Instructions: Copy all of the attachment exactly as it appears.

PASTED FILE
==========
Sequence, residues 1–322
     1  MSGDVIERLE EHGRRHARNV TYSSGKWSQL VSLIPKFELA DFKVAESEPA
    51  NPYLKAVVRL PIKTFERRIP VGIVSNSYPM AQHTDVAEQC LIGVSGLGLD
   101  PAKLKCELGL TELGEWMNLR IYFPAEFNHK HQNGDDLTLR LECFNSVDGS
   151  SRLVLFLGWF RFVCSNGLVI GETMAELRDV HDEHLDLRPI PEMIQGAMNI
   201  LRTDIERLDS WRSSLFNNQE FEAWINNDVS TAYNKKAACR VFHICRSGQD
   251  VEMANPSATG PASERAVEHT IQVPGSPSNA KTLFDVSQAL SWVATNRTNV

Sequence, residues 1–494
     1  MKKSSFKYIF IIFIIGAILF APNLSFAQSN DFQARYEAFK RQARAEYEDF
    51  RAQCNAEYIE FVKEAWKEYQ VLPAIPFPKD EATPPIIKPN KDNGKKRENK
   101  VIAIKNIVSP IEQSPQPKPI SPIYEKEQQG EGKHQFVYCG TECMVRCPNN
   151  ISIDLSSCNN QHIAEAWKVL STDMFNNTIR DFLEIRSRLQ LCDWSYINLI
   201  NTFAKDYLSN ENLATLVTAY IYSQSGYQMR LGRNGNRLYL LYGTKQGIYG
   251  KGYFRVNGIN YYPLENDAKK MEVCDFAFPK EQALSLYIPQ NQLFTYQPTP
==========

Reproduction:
Sequence, residues 1–322
     1  MSGDVIERLE EHGRRHARNV TYSSGKWSQL VSLIPKFELA DFKVAESEPA
    51  NPYLKAVVRL PIKTFERRIP VGIVSNSYPM AQHTDVAEQC LIGVSGLGLD
   101  PAKLKCELGL TELGEWMNLR IYFPAEFNHK HQNGDDLTLR LECFNSVDGS
   151  SRLVLFLGWF RFVCSNGLVI GETMAELRDV HDEHLDLRPI PEMIQGAMNI
   201  LRTDIERLDS WRSSLFNNQE FEAWINNDVS TAYNKKAACR VFHICRSGQD
   251  VEMANPSATG PASERAVEHT IQVPGSPSNA KTLFDVSQAL SWVATNRTNV

Sequence, residues 1–494
     1  MKKSSFKYIF IIFIIGAILF APNLSFAQSN DFQARYEAFK RQARAEYEDF
    51  RAQCNAEYIE FVKEAWKEYQ VLPAIPFPKD EATPPIIKPN KDNGKKRENK
   101  VIAIKNIVSP IEQSPQPKPI SPIYEKEQQG EGKHQFVYCG TECMVRCPNN
   151  ISIDLSSCNN QHIAEAWKVL STDMFNNTIR DFLEIRSRLQ LCDWSYINLI
   201  NTFAKDYLSN ENLATLVTAY IYSQSGYQMR LGRNGNRLYL LYGTKQGIYG
   251  KGYFRVNGIN YYPLENDAKK MEVCDFAFPK EQALSLYIPQ NQLFTYQPTP